‘Black Is Beautiful’ Makes a Comeback in Virginia

By Annie Tobey | August 13th, 2020

An alternative message for racial equity


Black Is Beautiful billboard Image

Before “Black Lives Matter” was “Black Is Beautiful,” a cultural movement of the 1960s and ’70s. The nostalgic phrase has gotten big attention recently in Virginia. How big? Billboard big. Richmonder Ricky Parker, visual artist and creative director of Dream for Purpose creative firm, and his wife, Whitney, have erected Black Is Beautiful billboards in Richmond, Norfolk, and Charlottesville.

Purposeful Design

“We wanted to accomplish two things,” said Ricky Parker. “The first is, it serves as a message to empower Black people. Right now in America, there’s a lot of police brutality, racism, prejudice, hatred … We wanted to create something that serves as a positive affirmation as well as encourages people.

“The second piece is, we wanted to educate. So with every location we picked, we wanted it to educate people on stories of Black people they may not be as knowledgeable about.” Education comes naturally to this African American couple. Ricky is adjunct professor of marketing at Virginia Union University, a historically Black university (HBCU) in Richmond, and at Virginia Commonwealth University; Whitney is an adjunct professor at VUU.

To that purpose, the Richmond billboard was erected at Jackson Ward, on Juneteenth. The thriving African American community was known as the Black Wall Street of America. It was home to influential leaders such as John Mitchell, Jr. of the Richmond Planet and Maggie L. Walker, first African American woman in the U.S. to charter a bank and serve as its president. Jackson Ward was known as the Harlem of the South and hosted renowned performing artists, including Duke Ellington, Ella Fitzgerald, Bojangles Robinson, and Nat King Cole. The neighborhood is also known for its decorative wrought iron detailing, with the second largest collection of original ironwork in the U.S. (after New Orleans).

The Norfolk billboard was erected in July on Azalea Garden Road, near the Norfolk Naval Shipyard. This sign, Parker explained, pays “honor and homage to the Black men and women who served as slaves during the 1800s in the shipyard.”

Black Is Beautiful billboard, Charlottesville
Black Is Beautiful billboard, Charlottesville. Image courtesy Ricky Parker

The Charlottesville billboard was erected to mark the third anniversary of the Unite the Right rally. The rally, on Aug. 11-12, 2017, was organized by white supremacists and white nationalists opposing the proposed removal of the statue of Confederate general Robert E. Lee. The right-wing marchers chanted hate slogans and carried symbols in opposition to Blacks, Jews, and Muslims. The march turned violent when the right-wing protestors clashed with mostly local counter-protestors. Nineteen people were injured and one woman, Heather Heyer, was killed when a self-professed white supremacist drove his car into a crowd of counter-protestors.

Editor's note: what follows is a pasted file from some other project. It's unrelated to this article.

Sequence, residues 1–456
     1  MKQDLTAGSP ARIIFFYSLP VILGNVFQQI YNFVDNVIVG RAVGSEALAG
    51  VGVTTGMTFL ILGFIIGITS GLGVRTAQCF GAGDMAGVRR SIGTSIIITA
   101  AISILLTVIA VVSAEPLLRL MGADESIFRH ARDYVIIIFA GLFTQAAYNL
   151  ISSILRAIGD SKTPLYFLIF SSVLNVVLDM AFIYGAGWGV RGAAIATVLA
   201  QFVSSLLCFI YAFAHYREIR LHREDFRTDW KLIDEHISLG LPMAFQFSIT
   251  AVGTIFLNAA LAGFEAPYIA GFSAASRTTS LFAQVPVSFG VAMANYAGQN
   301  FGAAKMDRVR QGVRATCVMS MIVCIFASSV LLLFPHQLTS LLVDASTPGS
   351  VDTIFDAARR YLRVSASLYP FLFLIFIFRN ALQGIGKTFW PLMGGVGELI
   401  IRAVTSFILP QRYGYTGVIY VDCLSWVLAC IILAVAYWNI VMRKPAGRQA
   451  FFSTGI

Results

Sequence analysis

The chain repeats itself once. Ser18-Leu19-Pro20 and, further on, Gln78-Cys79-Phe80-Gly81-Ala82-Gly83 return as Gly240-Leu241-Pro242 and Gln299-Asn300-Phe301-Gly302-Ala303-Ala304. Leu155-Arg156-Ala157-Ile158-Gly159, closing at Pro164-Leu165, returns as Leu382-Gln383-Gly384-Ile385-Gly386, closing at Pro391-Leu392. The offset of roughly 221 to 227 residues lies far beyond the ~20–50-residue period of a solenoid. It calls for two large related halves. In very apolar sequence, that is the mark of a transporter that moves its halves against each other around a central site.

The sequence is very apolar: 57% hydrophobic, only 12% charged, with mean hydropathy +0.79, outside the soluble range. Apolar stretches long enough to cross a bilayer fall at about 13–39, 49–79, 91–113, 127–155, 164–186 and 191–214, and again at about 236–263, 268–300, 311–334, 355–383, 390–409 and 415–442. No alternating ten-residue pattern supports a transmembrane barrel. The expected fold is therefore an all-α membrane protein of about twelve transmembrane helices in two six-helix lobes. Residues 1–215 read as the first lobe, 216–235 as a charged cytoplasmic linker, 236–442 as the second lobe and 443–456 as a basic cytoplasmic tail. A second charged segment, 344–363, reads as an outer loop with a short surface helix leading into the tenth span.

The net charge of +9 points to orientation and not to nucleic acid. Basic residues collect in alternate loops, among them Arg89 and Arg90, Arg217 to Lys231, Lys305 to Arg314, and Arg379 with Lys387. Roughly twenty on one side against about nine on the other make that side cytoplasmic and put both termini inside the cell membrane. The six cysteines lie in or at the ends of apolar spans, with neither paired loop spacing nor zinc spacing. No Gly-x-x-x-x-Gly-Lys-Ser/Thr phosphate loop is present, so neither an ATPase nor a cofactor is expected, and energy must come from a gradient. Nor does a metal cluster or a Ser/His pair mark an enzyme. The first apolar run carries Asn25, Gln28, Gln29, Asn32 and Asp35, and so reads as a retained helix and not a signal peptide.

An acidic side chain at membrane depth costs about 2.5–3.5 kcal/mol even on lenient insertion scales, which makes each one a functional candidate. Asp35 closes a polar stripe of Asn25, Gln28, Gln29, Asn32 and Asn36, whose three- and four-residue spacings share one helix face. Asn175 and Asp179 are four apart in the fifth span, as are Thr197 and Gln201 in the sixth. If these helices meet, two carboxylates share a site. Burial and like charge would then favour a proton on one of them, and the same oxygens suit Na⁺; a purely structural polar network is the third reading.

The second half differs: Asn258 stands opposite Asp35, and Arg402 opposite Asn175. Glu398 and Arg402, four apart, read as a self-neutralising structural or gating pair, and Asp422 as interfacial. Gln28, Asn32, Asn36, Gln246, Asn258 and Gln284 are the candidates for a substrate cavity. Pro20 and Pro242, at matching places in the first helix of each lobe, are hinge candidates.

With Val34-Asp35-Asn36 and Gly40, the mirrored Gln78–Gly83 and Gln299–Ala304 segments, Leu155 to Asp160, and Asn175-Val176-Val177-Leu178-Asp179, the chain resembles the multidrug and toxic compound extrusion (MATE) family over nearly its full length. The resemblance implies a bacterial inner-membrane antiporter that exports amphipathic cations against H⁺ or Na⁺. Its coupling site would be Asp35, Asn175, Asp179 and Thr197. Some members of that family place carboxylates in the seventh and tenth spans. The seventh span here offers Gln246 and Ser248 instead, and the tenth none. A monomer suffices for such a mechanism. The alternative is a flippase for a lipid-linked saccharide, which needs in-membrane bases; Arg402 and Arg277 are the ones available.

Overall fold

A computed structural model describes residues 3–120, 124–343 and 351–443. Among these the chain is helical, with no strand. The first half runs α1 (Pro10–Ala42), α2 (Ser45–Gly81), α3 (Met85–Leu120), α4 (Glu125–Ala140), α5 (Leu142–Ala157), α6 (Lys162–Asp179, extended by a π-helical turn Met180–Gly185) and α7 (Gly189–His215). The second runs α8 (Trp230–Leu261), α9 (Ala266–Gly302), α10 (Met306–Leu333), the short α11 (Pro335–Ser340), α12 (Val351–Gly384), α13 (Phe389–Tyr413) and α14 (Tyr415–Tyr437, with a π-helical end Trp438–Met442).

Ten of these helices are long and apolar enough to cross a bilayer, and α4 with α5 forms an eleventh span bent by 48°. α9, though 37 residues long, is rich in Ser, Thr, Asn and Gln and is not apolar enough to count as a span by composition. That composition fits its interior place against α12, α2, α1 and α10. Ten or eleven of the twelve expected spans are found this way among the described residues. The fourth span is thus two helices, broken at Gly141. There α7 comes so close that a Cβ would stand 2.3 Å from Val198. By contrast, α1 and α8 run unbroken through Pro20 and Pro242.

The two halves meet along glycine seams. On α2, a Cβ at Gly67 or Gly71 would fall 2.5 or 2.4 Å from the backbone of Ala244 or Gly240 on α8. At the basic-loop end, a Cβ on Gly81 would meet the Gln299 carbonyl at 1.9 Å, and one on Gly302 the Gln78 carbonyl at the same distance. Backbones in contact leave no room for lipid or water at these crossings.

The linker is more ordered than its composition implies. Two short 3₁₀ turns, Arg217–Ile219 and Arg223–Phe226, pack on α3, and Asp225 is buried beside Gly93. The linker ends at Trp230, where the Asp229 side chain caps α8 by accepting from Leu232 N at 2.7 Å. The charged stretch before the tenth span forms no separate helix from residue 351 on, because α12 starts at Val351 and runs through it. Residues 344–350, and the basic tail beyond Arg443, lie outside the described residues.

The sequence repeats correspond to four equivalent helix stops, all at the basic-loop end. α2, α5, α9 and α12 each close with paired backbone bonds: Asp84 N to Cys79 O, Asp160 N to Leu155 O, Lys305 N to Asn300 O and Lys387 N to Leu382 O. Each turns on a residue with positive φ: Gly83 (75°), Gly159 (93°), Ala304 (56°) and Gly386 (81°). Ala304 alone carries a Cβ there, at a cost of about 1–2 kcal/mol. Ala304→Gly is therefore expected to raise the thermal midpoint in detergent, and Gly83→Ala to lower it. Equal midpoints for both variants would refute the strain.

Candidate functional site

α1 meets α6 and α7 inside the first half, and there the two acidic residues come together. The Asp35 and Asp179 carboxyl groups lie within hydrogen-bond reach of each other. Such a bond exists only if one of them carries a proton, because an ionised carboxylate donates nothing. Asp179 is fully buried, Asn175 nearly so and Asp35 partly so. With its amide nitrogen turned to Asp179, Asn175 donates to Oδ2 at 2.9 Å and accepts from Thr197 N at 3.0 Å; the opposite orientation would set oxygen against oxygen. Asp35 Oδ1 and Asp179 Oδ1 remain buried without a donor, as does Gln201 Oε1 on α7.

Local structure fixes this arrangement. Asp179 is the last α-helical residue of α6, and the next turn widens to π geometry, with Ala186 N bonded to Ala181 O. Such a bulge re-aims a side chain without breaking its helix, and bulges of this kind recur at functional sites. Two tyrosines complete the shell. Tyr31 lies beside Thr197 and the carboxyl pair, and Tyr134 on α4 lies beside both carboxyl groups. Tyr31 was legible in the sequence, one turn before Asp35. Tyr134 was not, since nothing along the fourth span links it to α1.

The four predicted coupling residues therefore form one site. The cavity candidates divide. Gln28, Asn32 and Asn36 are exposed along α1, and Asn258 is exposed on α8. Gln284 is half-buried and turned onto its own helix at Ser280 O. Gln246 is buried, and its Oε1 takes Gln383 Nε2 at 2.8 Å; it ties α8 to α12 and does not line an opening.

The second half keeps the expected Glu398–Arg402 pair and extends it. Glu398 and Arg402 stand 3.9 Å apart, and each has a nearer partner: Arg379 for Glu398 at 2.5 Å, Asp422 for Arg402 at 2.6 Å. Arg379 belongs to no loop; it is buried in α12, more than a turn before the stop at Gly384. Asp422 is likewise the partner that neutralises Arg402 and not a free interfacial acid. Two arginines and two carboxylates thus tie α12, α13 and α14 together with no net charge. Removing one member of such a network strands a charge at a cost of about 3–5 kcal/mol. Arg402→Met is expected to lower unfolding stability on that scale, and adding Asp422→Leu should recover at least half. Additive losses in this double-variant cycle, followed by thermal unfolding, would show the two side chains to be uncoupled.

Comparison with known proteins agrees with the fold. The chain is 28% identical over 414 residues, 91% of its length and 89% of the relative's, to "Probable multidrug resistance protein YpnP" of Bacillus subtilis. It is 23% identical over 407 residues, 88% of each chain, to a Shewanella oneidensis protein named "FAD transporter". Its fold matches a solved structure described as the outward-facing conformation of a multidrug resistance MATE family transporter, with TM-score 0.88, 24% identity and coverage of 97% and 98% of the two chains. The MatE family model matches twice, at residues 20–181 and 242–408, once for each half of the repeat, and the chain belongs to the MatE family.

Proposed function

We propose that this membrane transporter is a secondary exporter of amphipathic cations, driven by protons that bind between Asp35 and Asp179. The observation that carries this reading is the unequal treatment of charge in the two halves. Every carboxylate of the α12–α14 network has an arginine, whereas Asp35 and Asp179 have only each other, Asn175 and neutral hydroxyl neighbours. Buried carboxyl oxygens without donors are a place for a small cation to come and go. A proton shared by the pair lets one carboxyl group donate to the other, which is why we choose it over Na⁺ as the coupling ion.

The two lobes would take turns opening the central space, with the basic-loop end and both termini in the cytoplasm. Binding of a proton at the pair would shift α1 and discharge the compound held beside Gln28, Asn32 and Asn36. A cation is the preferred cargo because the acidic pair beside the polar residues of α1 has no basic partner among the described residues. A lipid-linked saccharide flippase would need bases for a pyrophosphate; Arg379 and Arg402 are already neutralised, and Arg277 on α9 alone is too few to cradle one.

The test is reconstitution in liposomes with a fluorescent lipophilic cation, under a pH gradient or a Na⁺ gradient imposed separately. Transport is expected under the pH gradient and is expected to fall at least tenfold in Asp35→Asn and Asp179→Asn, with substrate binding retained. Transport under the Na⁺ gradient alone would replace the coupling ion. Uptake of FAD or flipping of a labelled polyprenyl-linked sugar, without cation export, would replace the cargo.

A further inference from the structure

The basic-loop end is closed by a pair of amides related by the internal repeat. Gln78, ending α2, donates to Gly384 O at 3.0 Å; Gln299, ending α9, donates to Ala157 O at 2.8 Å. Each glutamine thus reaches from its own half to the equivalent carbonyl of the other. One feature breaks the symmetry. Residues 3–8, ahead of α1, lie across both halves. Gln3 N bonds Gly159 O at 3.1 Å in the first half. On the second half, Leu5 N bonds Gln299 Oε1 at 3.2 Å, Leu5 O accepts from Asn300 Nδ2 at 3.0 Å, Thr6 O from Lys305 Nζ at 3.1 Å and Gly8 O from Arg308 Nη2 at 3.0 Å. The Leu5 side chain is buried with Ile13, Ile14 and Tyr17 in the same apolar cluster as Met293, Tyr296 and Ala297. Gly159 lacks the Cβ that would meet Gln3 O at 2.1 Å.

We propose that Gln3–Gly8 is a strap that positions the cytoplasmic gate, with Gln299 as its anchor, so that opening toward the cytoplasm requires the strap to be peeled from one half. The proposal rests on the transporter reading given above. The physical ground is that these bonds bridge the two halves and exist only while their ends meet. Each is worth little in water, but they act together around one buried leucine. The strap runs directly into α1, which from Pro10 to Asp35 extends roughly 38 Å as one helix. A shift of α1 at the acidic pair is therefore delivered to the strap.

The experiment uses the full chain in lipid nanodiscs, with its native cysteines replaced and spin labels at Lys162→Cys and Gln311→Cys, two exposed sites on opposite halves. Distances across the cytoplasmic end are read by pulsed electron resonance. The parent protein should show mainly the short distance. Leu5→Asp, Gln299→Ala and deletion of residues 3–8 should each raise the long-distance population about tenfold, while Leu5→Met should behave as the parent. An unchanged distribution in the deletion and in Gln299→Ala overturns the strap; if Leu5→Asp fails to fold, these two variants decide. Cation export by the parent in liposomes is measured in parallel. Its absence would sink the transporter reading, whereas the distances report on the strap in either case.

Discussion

The Charlottesville sign reflects the logos of 15 organizations that collaborated with Parker on erecting the sign. After the rally and riot, “Charlottesville was looked at as a destination for racism and hate,” said Parker. But these organizations, a mix of nonprofits and other organizations, show “that Charlottesville is united behind the message of Black Is Beautiful.”

As another part of their message, Parker said, “We see this as a way of reprogramming or putting positivity in the places where people wouldn’t expect to see it or creating a conversation that’s different.”

Why ‘Black Is Beautiful’ Rather than ‘Black Lives Matter’

Having a communications background, the Parkers know the importance of message and tone.

“‘Black Lives Matter’ is really a conversation where Black people are talking to white people [to] let them know our lives matter. ‘Black Is Beautiful’ to us is talking to Black people and encouraging them and reaffirming who they are.” And, he adds, the statement becomes more inclusive: “It’s definitely brought a lot of different people together … For us, it was this whole thing of figuring out, how do we encourage people who look like us? But also it’s exposed people to something that they may have never heard of.”

In addition, the older phrase reflects a different angle. “The whole idea of beauty in our society, when we place a title of ‘beautiful’ on it, we treat it differently. We treat it with respect; we admire it, even defend it.”

Parker adds, “Black Lives Matter, for some people, it’s hard to translate and understand. Black Is Beautiful is not negating that; it’s an ongoing conversation. Yeah, we say ‘Black Lives Matter,’ but, you know, Black is beautiful. This is our way of doing our part. When it comes to the movement, there are a lot of other people doing some incredible things. We’re not taking away from that, just adding to the conversation.

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